Theft is still the biggest problem for US companies in China

From The Economist:

“If the technology matters, then don’t bring it to China as it will get stolen.”

ON JANUARY 5th, in a night raid, a gang of criminals broke into a factory near Shanghai owned by Mercury Cable, an American manufacturer of high-voltage equipment. The thieves took not only raw materials but machinery from production lines as well.

Who was responsible?

Todd Harris, the firm’s American boss, blames a gang led by a former manager at the plant.

He claims local police have refused to take action despite repeated complaints, and that former employees and local officials are colluding to “set up a Chinese company making knock-offs.”

Cybercrime may be sexier, but the hard reality for companies doing business in China is that old-fashioned skulduggery remains a bigger threat.

The Mercury saga is a common tale:

  • A foreign businessman comes to China with dollar signs in his eyes, struggles initially, then finds promising local managers who speak English, and he hands over the keys to his factory.
  • He visits occasionally to woo local politicians over endless banquets.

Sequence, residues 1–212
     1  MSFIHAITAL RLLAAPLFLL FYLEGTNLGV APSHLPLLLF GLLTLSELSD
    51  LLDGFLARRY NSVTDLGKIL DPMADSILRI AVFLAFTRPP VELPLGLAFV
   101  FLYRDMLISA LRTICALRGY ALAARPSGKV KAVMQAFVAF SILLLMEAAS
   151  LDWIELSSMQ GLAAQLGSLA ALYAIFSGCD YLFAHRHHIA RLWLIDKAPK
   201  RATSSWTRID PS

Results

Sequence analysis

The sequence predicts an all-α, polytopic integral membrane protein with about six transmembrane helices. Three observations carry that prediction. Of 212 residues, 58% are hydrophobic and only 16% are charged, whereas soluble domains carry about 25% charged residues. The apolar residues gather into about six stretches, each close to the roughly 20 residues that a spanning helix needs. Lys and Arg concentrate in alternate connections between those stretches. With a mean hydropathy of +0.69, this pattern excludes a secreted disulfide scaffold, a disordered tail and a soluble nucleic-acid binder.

• The business at last booms, until one day everything suddenly falls apart.
  • Typically, the foreign firm loses vital intellectual property (IP) and assets, and cannot find any local remedy.

The easiest way to get intellectual property from a firm is by buying or renting an employee inside it,” says Kent Kedl of Control Risks, a consultancy.

He frequently encounters cases in China of Western clients losing technology, sensitive sales data or, as with Mercury Cable, entire production lines.

Some criminal tribes operate inside the target firm and misappropriate its resources, while others use purloined property and know-how to start rival businesses after (or even before) leaving the firm.

The most dangerous local thieves are “PhD pirates”, says Peter Humphrey of ChinaWhys, a fraud-investigation consultancy.

Such engineers and scientists may work quietly for years inside multinationals, especially in research-intensive industries like pharmaceuticals and chemicals, before striking.

Mr Humphrey says there is a lively market for stolen intellectual property in China, and insists that “the massive expansion of Chinese patents is based on dubious ownership”. . . . .

. . . . “If the technology matters, “then don’t bring it to China as it will get stolen,” says Jay Hoenig of Hill & Associates, a consultancy. . . . .

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